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Bone from Callao Cave. Source: Rob Rownd / Nature.com 20190410

Big archaeology news from last week that has made news around the world as the announcement of a new identified human species from the Philippines, dubbed Homo luzonensis. The paper was published in Nature and it describes new bones discovered from the same stratigraphic later as the Callao Man, which was previously described as a diminutive human that lived in the Philippines 67,000 years ago. With the discovery of additional bones from at least three other individual, the team from France, the Philippines and Australia have enough data to describe it as a new species.

The discovery puts Philippine archaeology in the spotlight, with last year’s discovery of a fossil rhino with butcher marks dating more than 700,000 years old (see here and here). More excavations are being planned in Cagayan, and this discovery, along with the previous discovery of Homo floresiensis will put a lot of focus on human evolution and Southeast Asia’s role in it.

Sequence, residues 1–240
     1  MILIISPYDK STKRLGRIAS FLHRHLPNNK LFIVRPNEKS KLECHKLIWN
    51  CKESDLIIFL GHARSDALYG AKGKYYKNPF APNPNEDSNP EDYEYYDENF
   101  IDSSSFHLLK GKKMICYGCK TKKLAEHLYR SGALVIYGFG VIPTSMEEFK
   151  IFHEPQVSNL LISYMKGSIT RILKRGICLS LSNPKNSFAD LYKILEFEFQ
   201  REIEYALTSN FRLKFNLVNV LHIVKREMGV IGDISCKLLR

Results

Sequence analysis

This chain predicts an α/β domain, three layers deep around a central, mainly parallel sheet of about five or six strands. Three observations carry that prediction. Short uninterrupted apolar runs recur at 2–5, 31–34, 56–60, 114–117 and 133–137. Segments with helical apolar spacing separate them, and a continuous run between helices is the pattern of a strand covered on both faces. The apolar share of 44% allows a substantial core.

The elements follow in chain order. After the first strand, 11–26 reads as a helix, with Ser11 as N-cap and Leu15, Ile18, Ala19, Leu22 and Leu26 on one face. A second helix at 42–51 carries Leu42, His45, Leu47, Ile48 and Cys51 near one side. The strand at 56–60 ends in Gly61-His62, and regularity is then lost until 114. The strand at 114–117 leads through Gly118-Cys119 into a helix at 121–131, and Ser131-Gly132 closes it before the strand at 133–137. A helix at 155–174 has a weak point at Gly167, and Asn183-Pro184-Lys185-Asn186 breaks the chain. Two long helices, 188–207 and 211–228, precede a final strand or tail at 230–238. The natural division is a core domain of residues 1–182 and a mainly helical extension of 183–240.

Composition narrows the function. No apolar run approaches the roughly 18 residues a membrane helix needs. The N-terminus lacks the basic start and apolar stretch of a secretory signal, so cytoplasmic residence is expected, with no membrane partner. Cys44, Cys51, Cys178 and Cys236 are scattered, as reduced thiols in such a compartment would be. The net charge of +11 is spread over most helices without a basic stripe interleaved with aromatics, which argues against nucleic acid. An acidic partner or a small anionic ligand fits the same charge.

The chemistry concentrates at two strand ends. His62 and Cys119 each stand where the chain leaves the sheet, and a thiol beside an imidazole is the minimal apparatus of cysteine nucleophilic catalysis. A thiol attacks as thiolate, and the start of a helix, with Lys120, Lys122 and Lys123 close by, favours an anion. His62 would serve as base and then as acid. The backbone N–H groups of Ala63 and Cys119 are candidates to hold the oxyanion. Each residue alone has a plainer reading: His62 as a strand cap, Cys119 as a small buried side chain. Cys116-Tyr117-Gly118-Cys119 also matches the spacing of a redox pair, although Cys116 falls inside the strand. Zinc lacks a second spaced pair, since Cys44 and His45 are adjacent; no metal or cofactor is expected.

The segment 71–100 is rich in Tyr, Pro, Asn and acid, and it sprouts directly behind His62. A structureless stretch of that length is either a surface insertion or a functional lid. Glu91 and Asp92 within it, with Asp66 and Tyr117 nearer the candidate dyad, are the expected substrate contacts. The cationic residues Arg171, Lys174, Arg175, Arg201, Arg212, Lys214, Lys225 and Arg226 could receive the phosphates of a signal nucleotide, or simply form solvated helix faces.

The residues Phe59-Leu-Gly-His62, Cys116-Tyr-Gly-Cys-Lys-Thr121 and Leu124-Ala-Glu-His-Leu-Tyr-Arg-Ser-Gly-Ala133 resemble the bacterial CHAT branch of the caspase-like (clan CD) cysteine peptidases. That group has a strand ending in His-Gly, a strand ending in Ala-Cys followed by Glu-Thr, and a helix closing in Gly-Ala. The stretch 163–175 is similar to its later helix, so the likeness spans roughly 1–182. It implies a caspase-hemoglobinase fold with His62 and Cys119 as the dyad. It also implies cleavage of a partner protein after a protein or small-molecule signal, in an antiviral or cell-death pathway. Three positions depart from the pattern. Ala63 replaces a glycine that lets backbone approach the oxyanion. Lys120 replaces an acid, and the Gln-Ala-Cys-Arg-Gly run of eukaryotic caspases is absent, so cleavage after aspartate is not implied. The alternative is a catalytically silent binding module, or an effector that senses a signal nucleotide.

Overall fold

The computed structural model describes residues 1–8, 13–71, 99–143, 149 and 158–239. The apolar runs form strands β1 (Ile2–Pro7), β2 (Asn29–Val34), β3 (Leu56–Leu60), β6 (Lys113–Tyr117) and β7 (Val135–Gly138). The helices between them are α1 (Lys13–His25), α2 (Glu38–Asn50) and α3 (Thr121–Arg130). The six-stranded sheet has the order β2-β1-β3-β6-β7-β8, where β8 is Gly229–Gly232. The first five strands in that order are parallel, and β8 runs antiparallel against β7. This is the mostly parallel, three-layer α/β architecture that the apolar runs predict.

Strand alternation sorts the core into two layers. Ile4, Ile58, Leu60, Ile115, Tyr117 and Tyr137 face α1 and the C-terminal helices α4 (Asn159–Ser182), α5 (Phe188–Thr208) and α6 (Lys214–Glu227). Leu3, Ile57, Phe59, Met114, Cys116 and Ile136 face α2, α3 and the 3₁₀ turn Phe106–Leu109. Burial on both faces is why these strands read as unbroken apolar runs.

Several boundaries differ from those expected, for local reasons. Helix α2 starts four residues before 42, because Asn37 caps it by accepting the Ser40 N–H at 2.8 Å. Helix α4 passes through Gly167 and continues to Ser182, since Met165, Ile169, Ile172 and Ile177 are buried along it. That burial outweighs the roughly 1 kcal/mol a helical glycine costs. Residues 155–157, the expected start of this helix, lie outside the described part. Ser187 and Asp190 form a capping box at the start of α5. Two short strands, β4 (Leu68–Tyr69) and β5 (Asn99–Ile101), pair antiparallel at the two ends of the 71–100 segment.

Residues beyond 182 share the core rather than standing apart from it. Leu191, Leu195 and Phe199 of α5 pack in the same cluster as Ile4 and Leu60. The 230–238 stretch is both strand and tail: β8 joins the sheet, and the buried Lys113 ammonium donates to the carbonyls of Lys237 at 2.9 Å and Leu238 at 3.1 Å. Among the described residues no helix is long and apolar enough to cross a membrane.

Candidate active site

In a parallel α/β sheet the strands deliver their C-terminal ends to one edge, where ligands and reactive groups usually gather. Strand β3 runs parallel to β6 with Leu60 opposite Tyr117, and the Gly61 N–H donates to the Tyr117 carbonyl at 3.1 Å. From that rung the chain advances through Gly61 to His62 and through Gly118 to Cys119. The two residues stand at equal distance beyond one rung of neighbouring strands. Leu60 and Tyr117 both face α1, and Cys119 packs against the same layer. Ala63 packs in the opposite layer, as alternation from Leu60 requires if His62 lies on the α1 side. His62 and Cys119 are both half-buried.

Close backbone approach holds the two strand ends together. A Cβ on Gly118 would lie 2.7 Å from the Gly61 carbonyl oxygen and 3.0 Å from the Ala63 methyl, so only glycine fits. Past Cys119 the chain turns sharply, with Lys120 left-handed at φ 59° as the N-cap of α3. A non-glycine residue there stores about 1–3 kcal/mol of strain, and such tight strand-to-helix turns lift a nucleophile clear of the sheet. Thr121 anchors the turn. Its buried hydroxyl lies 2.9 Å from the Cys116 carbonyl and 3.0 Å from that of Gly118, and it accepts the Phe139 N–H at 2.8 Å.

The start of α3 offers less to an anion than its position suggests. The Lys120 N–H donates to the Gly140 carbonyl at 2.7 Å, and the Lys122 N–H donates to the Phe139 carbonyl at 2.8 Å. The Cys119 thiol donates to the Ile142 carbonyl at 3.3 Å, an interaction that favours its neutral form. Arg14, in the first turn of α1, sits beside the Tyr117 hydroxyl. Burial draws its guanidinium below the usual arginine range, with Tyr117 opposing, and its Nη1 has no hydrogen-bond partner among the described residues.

Here’s the link to the Nature paper, links to news articles below:

A new species of Homo from the Late Pleistocene of the Philippines
Nature, 568, pp. 181–186 (2019)

A hominin third metatarsal discovered in 2007 in Callao Cave (Northern Luzon, the Philippines) and dated to 67 thousand years ago provided the earliest direct evidence of a human presence in the Philippines. Analysis of this foot bone suggested that it belonged to the genus Homo, but to which species was unclear. Here we report the discovery of twelve additional hominin elements that represent at least three individuals that were found in the same stratigraphic layer of Callao Cave as the previously discovered metatarsal. These specimens display a combination of primitive and derived morphological features that is different from the combination of features found in other species in the genus Homo (including Homo floresiensis and Homo sapiens) and warrants their attribution to a new species, which we name Homo luzonensis. The presence of another and previously unknown hominin species east of the Wallace Line during the Late Pleistocene epoch underscores the importance of island Southeast Asia in the evolution of the genus Homo.

News articles:

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